63. Harden CL, Pennell PB, Koppel BS, et al. Practice parameter update: Management issues for women with epilepsy—Focus on pregnancy (an evidence-based review): vitamin K, folic acid, blood levels, and breastfeeding. Neurology. 2009;73:142–9.
  64. Tomson T, Walczak T, Sillanpaa M, et al. Sudden unexpected death in epilepsy: a review of incidence and risk factors. Epilepsia. 2005;46:54–61.
  65. Sveinsson O, Andersson T, Carlsson S, et al. The incidence of SUDEP: a nationwide population-based cohort study. Neurology. 2017;89:170–7.
  66. Sveinsson O, Andersson T, Mattsson P, et al. Clinical risk factors in SUDEP: a nationwide population-based case-control study. Neurology. 2020;94:e419–29.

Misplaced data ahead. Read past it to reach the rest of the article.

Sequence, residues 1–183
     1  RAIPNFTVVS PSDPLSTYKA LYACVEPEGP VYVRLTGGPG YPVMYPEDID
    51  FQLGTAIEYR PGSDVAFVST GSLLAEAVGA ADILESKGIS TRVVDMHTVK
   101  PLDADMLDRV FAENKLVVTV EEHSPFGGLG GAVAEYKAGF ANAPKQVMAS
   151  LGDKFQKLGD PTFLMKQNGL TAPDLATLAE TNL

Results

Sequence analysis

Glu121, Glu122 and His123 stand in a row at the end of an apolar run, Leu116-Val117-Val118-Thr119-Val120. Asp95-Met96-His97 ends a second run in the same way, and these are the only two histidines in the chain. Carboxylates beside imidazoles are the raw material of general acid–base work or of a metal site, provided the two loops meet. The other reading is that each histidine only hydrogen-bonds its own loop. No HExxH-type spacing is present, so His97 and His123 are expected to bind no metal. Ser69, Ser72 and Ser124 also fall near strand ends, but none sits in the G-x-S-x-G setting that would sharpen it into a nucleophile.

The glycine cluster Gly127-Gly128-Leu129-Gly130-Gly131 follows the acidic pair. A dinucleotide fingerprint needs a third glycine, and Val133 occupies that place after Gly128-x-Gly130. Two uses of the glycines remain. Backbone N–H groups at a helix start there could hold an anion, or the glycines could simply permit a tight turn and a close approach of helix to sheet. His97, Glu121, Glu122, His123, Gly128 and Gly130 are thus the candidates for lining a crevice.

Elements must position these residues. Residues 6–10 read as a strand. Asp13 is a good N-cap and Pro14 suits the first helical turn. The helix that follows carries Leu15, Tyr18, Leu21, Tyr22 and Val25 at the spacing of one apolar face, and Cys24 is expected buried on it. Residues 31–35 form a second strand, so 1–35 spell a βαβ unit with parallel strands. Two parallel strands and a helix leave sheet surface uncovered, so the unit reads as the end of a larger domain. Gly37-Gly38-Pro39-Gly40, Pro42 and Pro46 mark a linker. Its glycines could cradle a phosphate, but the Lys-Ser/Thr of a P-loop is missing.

67. Brodie MJ, Holmes GL. Should all patients be told about sudden unexpected death in epilepsy (SUDEP)? Pros and Cons. Epilepsia. 2008;49:99–101.

Further Resources

Related Content In Epilepsy
  • Copied to clipboard!
    accredited arrow-downarrow_leftarrow-right-bluearrow-right-dark-bluearrow-right-greyarrow-right-orangearrow-right-whitearrow-right-blueavatarcalendarchevron-down crosscrossdownloademailexclaimationfeedbackfiltergraph-arrowinterviewslinkmenumore_dots padlock person play_buttonplay-colour-tmcplay-colourAsset 1podcastprinter scenerysearch share social_facebooksocial_googleplussocial_instagramsocial_linkedin_altsocial_linkedin_altsocial_pinterestlogo-twitter-glyph-32social_youtubeshape-star (1)tick-bluetick-orangetick-whiteticktimetranscriptup-arrowwebinar